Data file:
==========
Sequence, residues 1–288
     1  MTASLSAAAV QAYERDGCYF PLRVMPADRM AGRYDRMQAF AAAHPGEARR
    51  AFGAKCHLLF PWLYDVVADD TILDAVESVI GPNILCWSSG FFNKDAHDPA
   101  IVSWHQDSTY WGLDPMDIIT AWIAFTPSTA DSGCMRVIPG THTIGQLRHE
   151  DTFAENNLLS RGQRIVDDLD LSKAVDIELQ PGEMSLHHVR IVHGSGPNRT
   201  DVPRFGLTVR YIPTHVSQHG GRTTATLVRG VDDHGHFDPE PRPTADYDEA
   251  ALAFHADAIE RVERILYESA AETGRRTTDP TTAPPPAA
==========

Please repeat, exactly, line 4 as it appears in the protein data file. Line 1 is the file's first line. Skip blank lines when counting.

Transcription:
   101  IVSWHQDSTY WGLDPMDIIT AWIAFTPSTA DSGCMRVIPG THTIGQLRHE